Friday, November 27, 2009

Redrawing Borders Part 1

The news of Borders UK going into administration demonstrates the changes happening in book publishing. It will be bad from many and good for some. In an industry so diverse as publishing, change is inevitable but often difficult. We have seen the supermarket and others take market share and apply limited range focus couple with high discounts. We have seen the chains wander aimlessly into discount wars they can’t win. We have seen the emergence of new entrants who aim to dominate through new models.

So is it bad or merely just change? What will be the outcome and who will emerge tomorrow?

We can no longer separate the physical from the digital worlds. Amazon has proved that people are happy to buy physical books on the Internet. The urban myth that you had to see, smell and feel a book in order to buy in it is broken. This doesn’t mean that only the Internet will survive it merely says that the economies of scale and scope that supported the chain model of yesterday are no longer applicable. Today anyone can sell virtual stock and the new chains are potentially aggregators such as Overdrive, Ingrams and Gardners. However, as they widen that offer to digital they themselves face new entrants who see their models as broken as we see the chains today.

There are only two people who matter in all this extended chain – the author who creates the value and the consumer who pays for it. Everyone in between has to earn their place and add value.

So ignoring today’s fresh battles where are we heading next?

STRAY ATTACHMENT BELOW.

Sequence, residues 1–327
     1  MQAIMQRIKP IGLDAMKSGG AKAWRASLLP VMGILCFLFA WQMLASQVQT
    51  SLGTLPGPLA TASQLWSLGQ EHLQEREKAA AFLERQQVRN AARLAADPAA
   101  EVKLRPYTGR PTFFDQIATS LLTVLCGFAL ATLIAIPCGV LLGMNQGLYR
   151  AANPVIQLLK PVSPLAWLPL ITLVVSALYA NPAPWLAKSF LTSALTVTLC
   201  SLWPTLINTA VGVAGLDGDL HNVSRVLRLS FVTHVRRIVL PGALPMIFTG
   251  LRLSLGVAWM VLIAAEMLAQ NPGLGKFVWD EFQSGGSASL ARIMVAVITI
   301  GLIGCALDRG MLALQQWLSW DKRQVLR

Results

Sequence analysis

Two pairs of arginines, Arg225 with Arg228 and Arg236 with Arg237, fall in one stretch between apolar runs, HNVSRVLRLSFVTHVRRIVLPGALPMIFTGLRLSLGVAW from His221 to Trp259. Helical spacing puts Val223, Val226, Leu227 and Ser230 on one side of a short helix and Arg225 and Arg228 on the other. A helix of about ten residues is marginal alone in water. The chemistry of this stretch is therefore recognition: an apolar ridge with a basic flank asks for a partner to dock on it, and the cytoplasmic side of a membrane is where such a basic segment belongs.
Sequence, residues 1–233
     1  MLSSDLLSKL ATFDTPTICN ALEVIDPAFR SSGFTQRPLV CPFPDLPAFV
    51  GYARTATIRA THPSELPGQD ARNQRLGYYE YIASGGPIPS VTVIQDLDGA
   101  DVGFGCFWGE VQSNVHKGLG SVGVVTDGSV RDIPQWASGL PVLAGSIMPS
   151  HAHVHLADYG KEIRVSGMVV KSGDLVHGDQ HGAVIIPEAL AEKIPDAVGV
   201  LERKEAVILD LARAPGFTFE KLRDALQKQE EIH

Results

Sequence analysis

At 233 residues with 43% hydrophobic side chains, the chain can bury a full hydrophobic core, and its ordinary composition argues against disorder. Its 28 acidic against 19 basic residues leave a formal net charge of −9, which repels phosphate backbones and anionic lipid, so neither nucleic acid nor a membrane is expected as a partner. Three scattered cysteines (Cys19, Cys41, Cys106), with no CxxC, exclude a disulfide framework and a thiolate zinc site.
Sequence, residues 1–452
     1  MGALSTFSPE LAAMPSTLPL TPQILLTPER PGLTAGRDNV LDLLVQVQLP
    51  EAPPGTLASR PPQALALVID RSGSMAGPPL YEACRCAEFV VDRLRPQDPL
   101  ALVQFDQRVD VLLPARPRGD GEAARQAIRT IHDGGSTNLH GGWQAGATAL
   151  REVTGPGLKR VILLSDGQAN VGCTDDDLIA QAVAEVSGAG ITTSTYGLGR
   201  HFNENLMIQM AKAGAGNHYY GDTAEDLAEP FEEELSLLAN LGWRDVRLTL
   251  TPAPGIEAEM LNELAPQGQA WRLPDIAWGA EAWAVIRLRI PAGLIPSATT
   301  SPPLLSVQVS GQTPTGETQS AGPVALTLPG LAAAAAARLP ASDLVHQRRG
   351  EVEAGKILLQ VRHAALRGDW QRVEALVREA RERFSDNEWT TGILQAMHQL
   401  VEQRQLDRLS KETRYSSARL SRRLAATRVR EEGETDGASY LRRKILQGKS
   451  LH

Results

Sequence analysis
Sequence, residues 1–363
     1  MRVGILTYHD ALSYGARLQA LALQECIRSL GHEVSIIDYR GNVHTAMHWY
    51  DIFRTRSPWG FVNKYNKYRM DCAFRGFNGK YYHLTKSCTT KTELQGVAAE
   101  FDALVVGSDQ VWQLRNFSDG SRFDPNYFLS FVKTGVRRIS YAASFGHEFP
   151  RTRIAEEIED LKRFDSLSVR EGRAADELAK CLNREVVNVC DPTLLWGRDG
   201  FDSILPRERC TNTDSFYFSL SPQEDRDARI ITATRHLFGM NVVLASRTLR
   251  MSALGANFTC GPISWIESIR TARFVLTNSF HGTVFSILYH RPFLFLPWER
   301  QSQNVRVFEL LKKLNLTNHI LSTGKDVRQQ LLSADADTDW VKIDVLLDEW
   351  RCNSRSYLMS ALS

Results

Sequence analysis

We may not have the answers but we can offer some pointers to watch:

Polarisation. The economics that once penalised the small can now work for them. They increasing don’t have to fight the chains, but players whose offer is significantly different. If one looks at music, gone are the many chains that once populated the High Street. We now have maybe one chain and a small, but healthy, number of local small players. The small players have to focus on their selection, offer and customers. What chains that do survive, now have to now fight virtual giants, new entrants, supermarkets etc. It's interesting times, when the largest digital music seller is iTunes, and the largest physical music seller is Walmart.

This polarisation is not just about retail, it applies right across the publishing value chain. The economics and changes effecting book retail equally apply to book publishing, distribution and every aspect of the value chain as we knew it. Those who believe size matters better look over their shoulders at some of the new entrants. Its technology, aggregation and collaboration that often is the key and publishers aren’t in that space today. This collaborative need is particularly relevant given that we wrote about iMags only yesterday.

Small publishers now have the real opportunity to flourish alongside small bookshops.

Next we will look at the vertical market, author power and the freeconomy

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